The author of the book of Hebrews wrote to people who were struggling to understand what it meant for them as Jews to recognize that Jesus was the Messiah promised when God said to Abraham, “All peoples on earth will be blessed through you” (Genesis 12:3 NIV). Toward the end of chapter 12, the author says, “You have not come to a mountain that cannot be touched,” referring to Sinai, the place where the nation of Israel was born.
At Sinai, God established his absolute righteousness in the minds and hearts of the descendants of Abraham. He enforced their respect for his righteousness by requiring them to keep their distance. He showed them the difference between himself and sinful humanity. He threatened them with death if they came near enough to touch the mountain on which he met Moses and wrote the Ten Commandments on stone tablets with his own finger. According to the man who penned the book of Hebrews, even Moses said, “I am trembling with fear” (Hebrews 12:21 NIV).
This same writer, however, comforts the Hebrew readers who are trying to understand how Jesus of Nazareth could be the Messiah by saying to them that instead of a mountain that nobody dares to touch, they may approach Mount Zion, because Jesus has mediated a new covenant in his own blood. Jesus, perfectly sinless, satisfied the righteousness of God in his own blood. Innocent of any wrongdoing, just like Abel, the first murder victim, the blood of Jesus cries out to God, just as Abel’s blood did. However, even though Abel was innocent when he was murdered, Abel was a sinful human being. His blood cried out his innocence, but his blood could not cleanse humans of sin, because Abel was as sinful as anyone else. Jesus, however, was not only innocent, but also sinless. The author of Hebrews says that Jesus is “the mediator of a new covenant,” and the sprinkled blood of Jesus “speaks a better word than the blood of Abel.”
Our world is, sad to say, filled with the sprinkled blood of innocent human beings. Every day, more babies are killed by abortion than were killed in the World Trade Center on September 11, 2001. In the US alone, more than 3,000 babies die every day by abortion. That is a lot of innocent blood. While nobody says that babies are sinless like Jesus, it is obvious that they are innocent–as innocent as Abel. Their blood cries out for God’s judgment as surely as Abel’s blood did.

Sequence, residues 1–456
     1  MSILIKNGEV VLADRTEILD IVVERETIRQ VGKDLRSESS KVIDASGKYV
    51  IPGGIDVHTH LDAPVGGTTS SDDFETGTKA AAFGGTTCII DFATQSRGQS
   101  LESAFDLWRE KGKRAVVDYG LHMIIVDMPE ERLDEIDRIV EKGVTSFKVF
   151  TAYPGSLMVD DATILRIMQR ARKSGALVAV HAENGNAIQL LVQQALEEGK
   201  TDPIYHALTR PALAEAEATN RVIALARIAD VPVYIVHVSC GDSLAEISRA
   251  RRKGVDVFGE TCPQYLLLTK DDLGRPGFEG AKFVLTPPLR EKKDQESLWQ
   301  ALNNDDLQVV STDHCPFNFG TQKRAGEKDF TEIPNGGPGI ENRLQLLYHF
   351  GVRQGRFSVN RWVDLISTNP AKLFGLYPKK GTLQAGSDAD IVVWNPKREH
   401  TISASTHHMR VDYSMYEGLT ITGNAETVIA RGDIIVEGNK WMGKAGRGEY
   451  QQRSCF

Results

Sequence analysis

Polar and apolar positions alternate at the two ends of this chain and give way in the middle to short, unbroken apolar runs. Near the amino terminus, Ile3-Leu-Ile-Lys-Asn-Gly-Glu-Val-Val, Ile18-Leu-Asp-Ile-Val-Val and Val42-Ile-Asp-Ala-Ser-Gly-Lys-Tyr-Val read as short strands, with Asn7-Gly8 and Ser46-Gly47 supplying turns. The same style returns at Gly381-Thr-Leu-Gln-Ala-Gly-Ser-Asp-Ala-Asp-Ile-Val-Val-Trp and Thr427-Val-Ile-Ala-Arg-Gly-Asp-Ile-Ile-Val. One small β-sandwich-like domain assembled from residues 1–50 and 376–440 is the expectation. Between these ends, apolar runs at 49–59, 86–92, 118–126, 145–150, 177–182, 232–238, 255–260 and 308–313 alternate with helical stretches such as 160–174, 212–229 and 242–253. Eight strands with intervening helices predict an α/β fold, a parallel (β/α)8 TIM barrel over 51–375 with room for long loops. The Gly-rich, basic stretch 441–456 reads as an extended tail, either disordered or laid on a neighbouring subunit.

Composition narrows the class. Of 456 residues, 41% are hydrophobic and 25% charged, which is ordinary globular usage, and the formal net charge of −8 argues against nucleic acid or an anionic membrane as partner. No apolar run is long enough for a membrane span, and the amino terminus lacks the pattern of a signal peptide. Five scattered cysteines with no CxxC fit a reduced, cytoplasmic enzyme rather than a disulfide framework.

The blood of Jesus speaks a better word than Abel’s blood, and it certainly speaks a better word than the blood of innocent babies. Christ’s blood speaks of righteous cleansing and purification from sin and guilt. If 3,000 babies die every day by abortion, then 3,000 mothers are suffering from the guilt of those murders. Each person who performs even one of those abortions suffers the guilt of knowing that an innocent human being died at his or her hands during each abortion. Nurses, aides, and even receptionists know the mayhem in which they are participating, and if they ever stop to listen, the blood of those innocents will call out to them for God’s judgment.
The blood of Jesus, on the other hand, calls out for God’s forgiveness. The righteousness of God is poured out over every human being who chooses to receive forgiveness though Christ. The righteous blood of Christ can cleanse all mothers who have given up their babies to abortion, as well as abortionists, nurses, technicians and office staff who have participated in the murderous processes of abortion. The blood of Abel cried out, “I am innocent!” The blood of aborted babies cries out, “I am innocent!” The blood of Christ cries out, “God loves you. Come be cleansed of your guilt. Be purified. Be forgiven for the sin of shedding innocent blood.” At Sinai, the righteousness of God pushed the people away, lest they be destroyed by his righteousness. At Calvary, the righteousness of Christ pulls people toward him, in order to cleanse them of their unrighteousness. Sinful, guilt-ridden people, covered in the blood of innocent babies, can be cleansed of their guilt if they turn away from murder and choose life in Christ.
This is the better message spoken by the blood of Christ.
2 thoughts on “Innocent Blood”
Right on target. Such hope, such comfort! Repentance is the starting point.
Thank you for your comment, Pearl. We must keep telling the story.
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